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Monday 25 October 2004

WP: Supremes Sent Bush ‘instead of’ Gore to White House

The Washington Post today writes on page A6 about Supreme Court Justice Stephen Breyer:

Breyer — named to the court 10 years ago by President Bill Clinton — cast one of the dissenting votes in the 5 to 4 decision that canceled a controversial recount in Florida, sending Republican George W. Bush to the White House instead of Democrat Al Gore.

But of course this isn’t what happened at all. The Supreme Court did stop further recounts in Florida, which — from my layman’s perspective, at least, it shouldn’t have — but it’s hardly a foregone conclusion that a failure to stop those recounts would have resulted in Al Gore winning the state and being elected president.

Post and the New York Times, both of which endorsed Gore in 2000 and Kerry in 2004, declined to print the results of their independent recount in September 2001, with the excuse that they did not want to undermine the legitimacy of the Bush presidency in the wake of September 11. The Miami Herald, however, did publicize the results of their recount, and they concluded that Bush would have won Florida anyway. Their story is hard to find in the original, but this BBC report from February 2001 gives the meat.

Plenty of people on the left have attacked the
Herald’s count, but no matter what you believe, the Supreme Court certainly did not ‘send’ Bush ‘instead of’ Gore to the White House. Does the Washington Post even employ editors any more?

Posted by tino at 16:30 25.10.04
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Eh, I think you are being overly sensitive to the language the WP chose to use in reference to Bush v. Gore. While it is true the Supreme Court did not “send” Bush to the White House, the decision, by its very existence, caused that result to happen. Because the Supreme Court accepted the case and decided to issue a decision, they effectively waived any right to quibble with the use of the term “send.”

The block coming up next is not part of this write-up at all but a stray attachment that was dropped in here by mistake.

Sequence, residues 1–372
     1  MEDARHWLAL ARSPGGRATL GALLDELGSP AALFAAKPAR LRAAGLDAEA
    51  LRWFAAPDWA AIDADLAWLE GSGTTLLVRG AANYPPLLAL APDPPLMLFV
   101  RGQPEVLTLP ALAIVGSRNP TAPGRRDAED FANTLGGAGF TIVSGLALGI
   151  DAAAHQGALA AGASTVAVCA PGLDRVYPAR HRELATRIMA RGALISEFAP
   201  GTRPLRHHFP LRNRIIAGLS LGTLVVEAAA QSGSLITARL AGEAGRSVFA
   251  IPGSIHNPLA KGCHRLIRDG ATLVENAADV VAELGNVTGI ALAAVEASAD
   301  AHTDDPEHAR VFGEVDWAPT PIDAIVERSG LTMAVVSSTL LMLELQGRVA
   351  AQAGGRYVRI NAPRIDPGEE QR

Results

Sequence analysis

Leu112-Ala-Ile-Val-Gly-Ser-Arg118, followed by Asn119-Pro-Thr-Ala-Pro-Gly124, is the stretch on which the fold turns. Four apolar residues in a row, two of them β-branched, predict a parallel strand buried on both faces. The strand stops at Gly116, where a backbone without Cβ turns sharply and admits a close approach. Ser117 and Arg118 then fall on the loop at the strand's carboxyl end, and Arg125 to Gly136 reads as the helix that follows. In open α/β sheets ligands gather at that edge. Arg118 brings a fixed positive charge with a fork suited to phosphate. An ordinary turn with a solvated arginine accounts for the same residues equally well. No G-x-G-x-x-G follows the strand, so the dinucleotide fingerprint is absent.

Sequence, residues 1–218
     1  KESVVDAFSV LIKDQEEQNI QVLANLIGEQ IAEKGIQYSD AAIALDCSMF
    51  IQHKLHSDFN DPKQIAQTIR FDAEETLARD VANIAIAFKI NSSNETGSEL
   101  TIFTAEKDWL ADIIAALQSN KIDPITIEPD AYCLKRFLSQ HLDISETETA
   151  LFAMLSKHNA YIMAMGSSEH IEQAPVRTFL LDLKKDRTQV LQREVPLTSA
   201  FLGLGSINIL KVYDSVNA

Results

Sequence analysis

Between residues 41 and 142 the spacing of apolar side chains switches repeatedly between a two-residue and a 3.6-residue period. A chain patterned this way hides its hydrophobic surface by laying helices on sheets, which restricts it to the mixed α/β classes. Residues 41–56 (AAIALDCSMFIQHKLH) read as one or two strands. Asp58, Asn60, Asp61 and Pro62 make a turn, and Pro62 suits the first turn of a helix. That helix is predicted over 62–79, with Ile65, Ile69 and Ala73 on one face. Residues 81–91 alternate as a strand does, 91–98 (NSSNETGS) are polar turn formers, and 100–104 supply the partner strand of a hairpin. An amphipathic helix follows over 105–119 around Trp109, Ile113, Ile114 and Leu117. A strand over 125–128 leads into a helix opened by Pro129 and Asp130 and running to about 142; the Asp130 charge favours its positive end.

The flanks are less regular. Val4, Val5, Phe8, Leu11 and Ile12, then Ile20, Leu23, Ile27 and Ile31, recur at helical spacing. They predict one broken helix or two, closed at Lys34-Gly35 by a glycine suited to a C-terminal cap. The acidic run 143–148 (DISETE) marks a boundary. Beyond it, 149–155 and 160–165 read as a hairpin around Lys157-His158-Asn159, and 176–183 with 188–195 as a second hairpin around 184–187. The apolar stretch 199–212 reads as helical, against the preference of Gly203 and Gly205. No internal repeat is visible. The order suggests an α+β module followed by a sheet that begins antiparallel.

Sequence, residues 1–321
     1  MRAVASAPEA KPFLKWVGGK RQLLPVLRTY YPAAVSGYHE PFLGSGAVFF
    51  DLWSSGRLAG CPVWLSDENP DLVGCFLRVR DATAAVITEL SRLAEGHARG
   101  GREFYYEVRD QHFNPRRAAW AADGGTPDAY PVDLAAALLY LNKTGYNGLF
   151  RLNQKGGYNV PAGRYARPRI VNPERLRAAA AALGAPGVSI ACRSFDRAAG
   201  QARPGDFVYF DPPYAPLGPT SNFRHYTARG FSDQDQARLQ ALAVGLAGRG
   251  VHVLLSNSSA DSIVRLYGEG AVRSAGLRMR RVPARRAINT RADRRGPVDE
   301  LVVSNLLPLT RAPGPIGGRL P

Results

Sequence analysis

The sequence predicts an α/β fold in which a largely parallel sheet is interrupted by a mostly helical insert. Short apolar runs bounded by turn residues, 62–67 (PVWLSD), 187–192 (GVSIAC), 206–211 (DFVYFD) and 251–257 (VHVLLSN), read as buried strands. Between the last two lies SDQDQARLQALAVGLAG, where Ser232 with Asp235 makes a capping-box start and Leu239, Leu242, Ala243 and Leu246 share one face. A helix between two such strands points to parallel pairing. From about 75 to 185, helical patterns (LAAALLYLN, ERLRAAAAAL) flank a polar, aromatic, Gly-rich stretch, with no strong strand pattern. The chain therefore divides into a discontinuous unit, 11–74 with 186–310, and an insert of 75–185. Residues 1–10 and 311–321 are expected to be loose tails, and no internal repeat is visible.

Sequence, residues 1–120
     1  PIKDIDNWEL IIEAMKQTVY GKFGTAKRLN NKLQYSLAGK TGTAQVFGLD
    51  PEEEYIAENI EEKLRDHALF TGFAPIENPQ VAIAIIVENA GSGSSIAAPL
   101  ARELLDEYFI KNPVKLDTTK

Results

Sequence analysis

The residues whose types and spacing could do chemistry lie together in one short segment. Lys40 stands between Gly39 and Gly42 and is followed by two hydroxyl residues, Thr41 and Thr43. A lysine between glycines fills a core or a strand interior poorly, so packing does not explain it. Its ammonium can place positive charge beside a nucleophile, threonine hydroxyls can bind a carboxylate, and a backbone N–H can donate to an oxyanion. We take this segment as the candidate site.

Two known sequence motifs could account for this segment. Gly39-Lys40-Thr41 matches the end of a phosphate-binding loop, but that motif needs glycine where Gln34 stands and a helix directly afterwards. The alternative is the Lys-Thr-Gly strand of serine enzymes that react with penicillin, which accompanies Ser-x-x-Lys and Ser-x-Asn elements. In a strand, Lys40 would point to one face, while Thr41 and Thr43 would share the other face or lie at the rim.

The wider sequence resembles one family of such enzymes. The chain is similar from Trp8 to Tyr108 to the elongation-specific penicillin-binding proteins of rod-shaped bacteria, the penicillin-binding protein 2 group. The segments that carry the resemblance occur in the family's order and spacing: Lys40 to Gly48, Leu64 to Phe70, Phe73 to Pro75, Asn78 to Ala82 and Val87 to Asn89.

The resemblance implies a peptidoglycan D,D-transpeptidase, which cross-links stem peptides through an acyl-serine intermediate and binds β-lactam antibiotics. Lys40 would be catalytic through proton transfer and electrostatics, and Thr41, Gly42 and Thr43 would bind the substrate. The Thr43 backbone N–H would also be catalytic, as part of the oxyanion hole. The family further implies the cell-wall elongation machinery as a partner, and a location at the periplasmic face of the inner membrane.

Indeed, that is the fundamental problem with Bush v. Gore. The public generally assumes the Supremes had a choice of “sending” either Bush or Gore to the White House, the result of which either angers or delights. But there was a third choice—a much better choice—which the Supremes chose to ignore. They should have refused to get involve altogether in this inherently political question.

Bush v. Gore created an awkward situation where conservatives, long the adversaries of “judges making law,” had to defend the most aggregious example of judicial activism since the heyday of substantive due process. And liberals, long supporting activist judging in the context of abortion, environmental laws and criminal defendants, are arguing against partisanship on the bench. As you noted, the outcome of Bush v. Gore is not necessarily “wrong,” but it is certainly bad law.

Posted by: Shaye at October 25, 2004 01:44 PM